Chocolate, a delicious treat that tastes like happiness and makes everything better... that's mainly produced through the use of child slavery. Comedian Alice Fraser investigates and ruins your favourite thing forever (and includes a list of chocolate you should be eating).
Alice Rebekah Fraser

8 Jan 2016 - 2:58 PM  UPDATED 8 Jan 2016 - 2:58 PM

If your new year’s resolution was to eat less chocolate and exploit fewer child slaves, it turns out you’re actually killing two birds with one stone.


Almost universally children love chocolate and hate being slaves. A thing you should know about children is they tend not to be SUPER keen on being sold into slavery as a way of offsetting the economic pressures of cocoa production. If you look on Wikipedia for a start (and admit it, you do. Who needs encyclopaedic fact checkers and research when you’ve got the consensus of a jury of your peers?) the entry on children in cocoa production begins with the phrase “the widespread use of children in cocoa production is controversial” [my emphasis]. I feel this is a loose use of the term controversial, implying that people think the widespread use of children in cocoa production is an argument with two sides. Look. If you’re playing devil’s advocate on this one, you’re leaning hard on the ‘devil’. (Made for children, by children! Where’s the downside!?)


The alleged controversy lies in the fact that up to 12,000 of the 200,000 children working in Côte d'Ivoire, the world's biggest producer of cocoa, may be trafficked slaves. I mean. On one hand, that means there are 12,000 children who have been sold into slavery. On the other hand, I feel like that takes some of the attention away from the very real concern that there are 188,000 other kids who are totally getting a jump start on the labour market. This seems like an unfair advantage for kids in western countries who have to make do with unpaid internships and paper-rounds instead of proper backbreaking 18 hour-a-day jobs.


I do feel calling the widespread use of children in cocoa production a controversy is like deploying the phrase ‘controversial figure, Ivan Milat’. But there is an argument to be made that it’s not (just) the people buying and selling slaves who are the problem, but that the economic pressures of mass production, and the big commercial brands like Mars, Nestle and Hershey driving for low prices which lead to the trafficking of children into unpaid labour on cocoa plantations. It is true.  We do need to keep chocolate prices low because it’s definitely not like we have an obesity epidemic or sickeningly high rates of edible-food-waste.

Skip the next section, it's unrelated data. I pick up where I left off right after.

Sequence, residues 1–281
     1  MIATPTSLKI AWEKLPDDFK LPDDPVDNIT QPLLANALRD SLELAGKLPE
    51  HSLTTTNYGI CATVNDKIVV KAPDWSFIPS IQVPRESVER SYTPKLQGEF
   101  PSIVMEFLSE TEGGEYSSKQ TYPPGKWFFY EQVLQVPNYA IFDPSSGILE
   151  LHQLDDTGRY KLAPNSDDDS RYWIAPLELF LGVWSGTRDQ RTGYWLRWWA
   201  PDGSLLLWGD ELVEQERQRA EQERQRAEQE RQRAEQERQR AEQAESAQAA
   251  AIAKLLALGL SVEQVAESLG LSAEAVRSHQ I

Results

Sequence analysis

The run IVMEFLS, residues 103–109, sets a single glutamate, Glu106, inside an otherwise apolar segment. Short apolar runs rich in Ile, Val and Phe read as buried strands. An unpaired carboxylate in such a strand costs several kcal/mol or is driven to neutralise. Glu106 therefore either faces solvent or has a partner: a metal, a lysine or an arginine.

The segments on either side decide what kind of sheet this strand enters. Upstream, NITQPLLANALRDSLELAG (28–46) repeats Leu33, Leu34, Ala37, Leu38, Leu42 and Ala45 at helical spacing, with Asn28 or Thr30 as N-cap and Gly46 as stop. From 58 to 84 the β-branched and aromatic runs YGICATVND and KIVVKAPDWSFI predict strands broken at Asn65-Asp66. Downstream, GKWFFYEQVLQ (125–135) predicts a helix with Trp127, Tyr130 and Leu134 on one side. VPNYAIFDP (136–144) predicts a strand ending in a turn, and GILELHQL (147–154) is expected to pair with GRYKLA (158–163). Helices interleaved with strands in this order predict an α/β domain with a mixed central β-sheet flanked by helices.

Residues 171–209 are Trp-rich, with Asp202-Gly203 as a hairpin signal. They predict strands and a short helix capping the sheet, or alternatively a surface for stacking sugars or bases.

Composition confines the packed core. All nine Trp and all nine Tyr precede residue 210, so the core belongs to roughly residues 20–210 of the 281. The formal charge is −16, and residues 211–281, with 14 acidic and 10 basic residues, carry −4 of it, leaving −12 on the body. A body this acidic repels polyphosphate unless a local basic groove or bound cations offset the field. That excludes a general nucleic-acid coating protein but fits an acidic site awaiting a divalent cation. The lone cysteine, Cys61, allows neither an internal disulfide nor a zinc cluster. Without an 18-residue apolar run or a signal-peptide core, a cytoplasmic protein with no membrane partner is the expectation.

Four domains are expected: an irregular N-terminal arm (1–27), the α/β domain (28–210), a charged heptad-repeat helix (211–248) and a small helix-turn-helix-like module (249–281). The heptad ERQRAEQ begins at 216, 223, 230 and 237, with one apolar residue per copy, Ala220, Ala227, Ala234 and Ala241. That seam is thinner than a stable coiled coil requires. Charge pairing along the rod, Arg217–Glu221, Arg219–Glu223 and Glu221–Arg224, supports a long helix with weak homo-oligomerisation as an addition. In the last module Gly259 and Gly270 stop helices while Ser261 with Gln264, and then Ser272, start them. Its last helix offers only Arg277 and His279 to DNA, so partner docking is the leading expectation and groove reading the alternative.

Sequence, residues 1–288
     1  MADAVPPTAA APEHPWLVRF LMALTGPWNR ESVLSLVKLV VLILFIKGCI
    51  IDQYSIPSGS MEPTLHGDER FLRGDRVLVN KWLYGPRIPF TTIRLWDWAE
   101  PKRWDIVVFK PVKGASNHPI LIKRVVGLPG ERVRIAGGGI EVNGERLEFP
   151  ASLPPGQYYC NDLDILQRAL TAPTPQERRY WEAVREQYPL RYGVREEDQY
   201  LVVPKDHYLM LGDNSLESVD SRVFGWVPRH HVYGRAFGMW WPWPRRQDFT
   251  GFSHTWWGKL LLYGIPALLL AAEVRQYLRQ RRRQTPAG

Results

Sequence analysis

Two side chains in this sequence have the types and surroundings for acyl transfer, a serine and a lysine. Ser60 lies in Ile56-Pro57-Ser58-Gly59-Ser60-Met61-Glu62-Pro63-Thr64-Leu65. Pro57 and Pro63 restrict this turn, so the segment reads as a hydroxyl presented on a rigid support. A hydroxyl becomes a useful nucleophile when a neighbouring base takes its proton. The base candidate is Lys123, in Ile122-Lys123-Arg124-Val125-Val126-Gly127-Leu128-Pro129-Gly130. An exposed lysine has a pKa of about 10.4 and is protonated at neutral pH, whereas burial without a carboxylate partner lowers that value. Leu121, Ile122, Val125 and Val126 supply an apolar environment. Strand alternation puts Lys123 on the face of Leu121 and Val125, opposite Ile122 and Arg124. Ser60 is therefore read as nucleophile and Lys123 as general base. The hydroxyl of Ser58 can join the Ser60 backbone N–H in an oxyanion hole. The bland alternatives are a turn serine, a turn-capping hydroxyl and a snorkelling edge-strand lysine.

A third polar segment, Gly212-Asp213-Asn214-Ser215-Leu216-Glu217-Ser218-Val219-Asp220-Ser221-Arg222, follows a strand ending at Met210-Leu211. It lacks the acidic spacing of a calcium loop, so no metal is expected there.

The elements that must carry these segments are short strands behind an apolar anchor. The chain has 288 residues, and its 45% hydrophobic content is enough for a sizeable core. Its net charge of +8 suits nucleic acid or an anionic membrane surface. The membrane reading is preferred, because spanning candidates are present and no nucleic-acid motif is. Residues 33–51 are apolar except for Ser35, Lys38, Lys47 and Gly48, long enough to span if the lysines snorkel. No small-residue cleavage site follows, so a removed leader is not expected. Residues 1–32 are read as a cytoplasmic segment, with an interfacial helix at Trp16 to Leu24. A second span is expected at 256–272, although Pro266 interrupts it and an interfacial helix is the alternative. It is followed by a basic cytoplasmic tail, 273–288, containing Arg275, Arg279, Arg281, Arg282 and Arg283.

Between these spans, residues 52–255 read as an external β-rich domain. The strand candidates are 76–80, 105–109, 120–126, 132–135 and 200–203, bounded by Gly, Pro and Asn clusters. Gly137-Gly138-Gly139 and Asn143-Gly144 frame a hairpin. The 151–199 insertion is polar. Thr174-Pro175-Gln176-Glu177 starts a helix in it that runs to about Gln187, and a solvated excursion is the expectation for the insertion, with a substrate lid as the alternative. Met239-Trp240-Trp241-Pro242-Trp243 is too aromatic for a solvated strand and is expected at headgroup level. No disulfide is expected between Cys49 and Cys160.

According to this unicef report, concern about trafficked child workers (the child victims of forced labour) employed in cocoa farms in West Africa was voiced in the late 1990s and 2000 both in West Africa, and in Europe and North America. Which was fifteen years ago! Definitely enough time to stop child slavery, or at the very least, long enough to let the kids grow up into far less distressing adult slaves! Unfortunately, the practices persist, and this Guardian article from September (last year! Happy new year!), children “younger than 15 continue to work at cocoa farms connected to Nestlé, more than a decade after the food company promised to end the use of child labour in its supply chain.” So glad we’ve got that sorted.


In the course of research I came across a number of horrifying stories and gut-wrenching facts. (Thirty percent of children under 15 in sub-Saharan Africa are child laborers! Which really puts the headline ‘Sexting in Australian highschools is on the rise!’ into perspective) Worse, the literature is worryingly pun-filled, like this one: Child rights in the chocolate industry: a rocky road to progress. Or this one: Bitter life of chocolate's child slaves. Or this one: Hershey, Nestle, and Mars Sued in Child Slavery Class Action. Ok that last headline was less a pun and more just a headline about a thing. But you looked for a pun, and in looking for the pun, you stared at the names of some of the companies you should definitely calling, emailing, or at the very least thinking twice about dumping into your trolley the next time you have PMS.


I’m sorry I tricked you with the comedy rule of threes. To be fair (fair trade, amiright?) I’m not as sorry as chocolate companies should be for tricking us all into thinking chocolate is a cheap treat whose only consequences are ‘going straight to my hips’, ‘being bad for dogs, I heard somewhere’ and ‘making children hyperactive’.


Here is a directory of slave-free-chocolate. Take a look. It’s like checking if something’s gluten free, except instead of expressing your pretentious narcissism, borderline othorexia or coeliac disease, you’re expressing your preference for not eating the suffering of small, defenceless humans. 





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